Policies and Programs
Corn Taking Asia by Storm
South Korean, Malaysian &
Indonesian Corn Imports by Origin
Partial year data
In just four years, China has replaced the United States as
the predominant corn supplier in three key Asian markets. The United States
now has only a quarter of its former market share in South Korea, Malaysia,
and Indonesia, while China’s share in these markets has tripled.
United States had a comparative marketing advantage in those markets due to
its ability to consistently and reliably ship large quantities of
good-quality, government-inspected and certified corn. Despite significantly
higher freight costs and relatively high prices, this reliability was of
primary importance to the major buyers.
In recent years, however, as markets evolved to accommodate
buyers’ changing needs and priorities, the U.S. advantages have been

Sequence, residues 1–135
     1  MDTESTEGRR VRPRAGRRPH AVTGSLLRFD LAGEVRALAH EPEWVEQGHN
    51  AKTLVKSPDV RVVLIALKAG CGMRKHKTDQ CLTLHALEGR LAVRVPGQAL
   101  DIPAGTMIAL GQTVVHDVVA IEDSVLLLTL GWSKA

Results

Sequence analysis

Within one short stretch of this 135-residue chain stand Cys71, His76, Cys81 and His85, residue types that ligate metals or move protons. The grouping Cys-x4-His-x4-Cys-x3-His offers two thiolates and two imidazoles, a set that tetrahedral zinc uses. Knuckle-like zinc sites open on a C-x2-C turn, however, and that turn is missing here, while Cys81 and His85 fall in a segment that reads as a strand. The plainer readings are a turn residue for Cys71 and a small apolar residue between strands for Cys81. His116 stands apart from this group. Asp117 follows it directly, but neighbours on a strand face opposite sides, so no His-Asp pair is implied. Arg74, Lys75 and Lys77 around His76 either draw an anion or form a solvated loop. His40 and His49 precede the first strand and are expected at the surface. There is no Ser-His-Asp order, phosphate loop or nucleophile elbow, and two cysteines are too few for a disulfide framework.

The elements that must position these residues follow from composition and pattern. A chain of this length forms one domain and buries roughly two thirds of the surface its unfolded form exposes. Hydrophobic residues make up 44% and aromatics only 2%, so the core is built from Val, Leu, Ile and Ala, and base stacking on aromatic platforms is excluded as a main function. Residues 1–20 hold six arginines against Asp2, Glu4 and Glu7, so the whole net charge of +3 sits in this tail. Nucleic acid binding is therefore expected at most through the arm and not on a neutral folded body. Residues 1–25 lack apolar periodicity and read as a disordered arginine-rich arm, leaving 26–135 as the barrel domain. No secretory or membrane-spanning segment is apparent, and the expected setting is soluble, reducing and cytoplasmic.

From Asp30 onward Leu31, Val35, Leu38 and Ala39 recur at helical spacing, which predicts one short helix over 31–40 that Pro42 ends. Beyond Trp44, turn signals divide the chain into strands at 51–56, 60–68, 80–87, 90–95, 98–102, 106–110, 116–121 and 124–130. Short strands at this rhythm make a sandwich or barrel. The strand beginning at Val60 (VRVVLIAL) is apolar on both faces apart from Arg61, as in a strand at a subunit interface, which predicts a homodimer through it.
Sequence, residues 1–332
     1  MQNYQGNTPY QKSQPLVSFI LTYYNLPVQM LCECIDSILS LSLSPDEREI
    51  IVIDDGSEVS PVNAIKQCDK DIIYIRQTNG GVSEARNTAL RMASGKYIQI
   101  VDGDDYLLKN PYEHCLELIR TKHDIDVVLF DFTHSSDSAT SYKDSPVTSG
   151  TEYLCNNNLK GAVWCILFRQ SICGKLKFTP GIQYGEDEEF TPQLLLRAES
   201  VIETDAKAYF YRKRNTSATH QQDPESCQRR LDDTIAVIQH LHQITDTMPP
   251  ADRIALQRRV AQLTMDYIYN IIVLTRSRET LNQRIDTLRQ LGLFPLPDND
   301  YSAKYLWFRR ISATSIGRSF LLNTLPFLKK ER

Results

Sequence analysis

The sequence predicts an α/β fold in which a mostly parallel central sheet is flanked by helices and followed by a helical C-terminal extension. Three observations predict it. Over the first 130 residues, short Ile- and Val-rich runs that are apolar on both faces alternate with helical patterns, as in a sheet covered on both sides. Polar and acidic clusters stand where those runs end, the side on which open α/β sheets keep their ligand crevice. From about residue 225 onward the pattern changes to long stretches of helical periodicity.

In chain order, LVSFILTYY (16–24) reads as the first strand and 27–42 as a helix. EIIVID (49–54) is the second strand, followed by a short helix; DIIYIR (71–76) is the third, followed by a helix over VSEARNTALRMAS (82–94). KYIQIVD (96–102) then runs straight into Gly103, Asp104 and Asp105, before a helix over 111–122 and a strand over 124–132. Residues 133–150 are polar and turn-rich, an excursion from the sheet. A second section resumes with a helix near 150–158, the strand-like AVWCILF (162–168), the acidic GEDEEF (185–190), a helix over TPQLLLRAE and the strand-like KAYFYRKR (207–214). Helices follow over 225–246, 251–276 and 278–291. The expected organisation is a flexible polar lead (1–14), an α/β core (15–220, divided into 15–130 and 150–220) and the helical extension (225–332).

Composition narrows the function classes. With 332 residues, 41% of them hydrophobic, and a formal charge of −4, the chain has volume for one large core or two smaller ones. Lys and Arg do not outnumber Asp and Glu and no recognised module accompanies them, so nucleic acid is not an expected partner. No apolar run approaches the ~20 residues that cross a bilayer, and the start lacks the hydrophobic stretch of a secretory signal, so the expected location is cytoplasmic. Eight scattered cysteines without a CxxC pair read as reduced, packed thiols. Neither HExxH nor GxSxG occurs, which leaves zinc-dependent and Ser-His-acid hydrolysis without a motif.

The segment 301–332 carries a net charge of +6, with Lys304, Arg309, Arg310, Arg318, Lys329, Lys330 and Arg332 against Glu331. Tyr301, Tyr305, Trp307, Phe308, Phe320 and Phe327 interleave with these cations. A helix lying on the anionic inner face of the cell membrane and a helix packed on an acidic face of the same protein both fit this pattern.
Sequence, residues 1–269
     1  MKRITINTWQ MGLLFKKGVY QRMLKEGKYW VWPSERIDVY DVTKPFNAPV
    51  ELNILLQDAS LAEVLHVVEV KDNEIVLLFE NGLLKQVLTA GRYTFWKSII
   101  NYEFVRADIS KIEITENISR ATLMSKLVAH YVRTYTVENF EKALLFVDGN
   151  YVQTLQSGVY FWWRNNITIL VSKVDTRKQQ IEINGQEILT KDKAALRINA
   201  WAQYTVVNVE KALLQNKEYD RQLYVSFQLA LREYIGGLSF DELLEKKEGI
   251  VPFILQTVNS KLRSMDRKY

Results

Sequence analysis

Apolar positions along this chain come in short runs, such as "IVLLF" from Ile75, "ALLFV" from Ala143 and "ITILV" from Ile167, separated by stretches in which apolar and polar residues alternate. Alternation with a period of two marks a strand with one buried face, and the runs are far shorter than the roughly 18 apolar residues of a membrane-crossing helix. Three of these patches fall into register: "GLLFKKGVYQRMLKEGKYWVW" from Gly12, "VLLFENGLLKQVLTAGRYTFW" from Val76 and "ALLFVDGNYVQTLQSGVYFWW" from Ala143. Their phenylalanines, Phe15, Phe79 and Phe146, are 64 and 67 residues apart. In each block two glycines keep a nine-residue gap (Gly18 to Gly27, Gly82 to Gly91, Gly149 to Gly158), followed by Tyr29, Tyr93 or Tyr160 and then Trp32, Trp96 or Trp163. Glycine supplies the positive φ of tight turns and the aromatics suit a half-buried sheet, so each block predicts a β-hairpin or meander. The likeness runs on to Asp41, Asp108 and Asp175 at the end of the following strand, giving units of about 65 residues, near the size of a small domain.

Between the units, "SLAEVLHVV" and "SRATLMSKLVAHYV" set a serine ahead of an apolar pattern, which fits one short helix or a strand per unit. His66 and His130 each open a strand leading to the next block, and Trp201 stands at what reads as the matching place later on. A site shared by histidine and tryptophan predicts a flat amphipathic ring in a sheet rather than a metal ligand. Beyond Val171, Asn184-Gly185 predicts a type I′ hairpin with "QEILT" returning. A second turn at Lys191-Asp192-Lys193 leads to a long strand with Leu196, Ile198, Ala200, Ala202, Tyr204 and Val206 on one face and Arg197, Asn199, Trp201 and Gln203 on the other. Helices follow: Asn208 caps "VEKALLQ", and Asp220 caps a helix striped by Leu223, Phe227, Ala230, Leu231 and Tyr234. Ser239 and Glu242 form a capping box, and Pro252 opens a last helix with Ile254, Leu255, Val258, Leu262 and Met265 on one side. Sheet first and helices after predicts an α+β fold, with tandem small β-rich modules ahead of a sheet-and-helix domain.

undermined by China. Despite inconsistent quality and shipment scheduling,
China is able to offer lower freight costs and low prices, in part as a result
of its proximity, government support of internal transportation costs, and
value-added tax rebates. Additionally, China has been able to capitalize on
its ability to make small, more frequent shipments, thereby lowering the
storage cost for buyers.
short-term impact of this lost market share for U.S. supplies will be somewhat
mitigated by reduced competition from Argentina and stronger demand within NAFTA
due to tight feed supplies in Canada. China will remain as an impediment to U.S.
export growth potential in Asia, as long as the Chinese government maintains an
aggressive export strategy, even when corn trade returns to normal in Argentina
and Canada’s feed grain production rebounds from two years of drought.
For more information, contact: Elizabeth
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Last modified: Thursday, November 13, 2003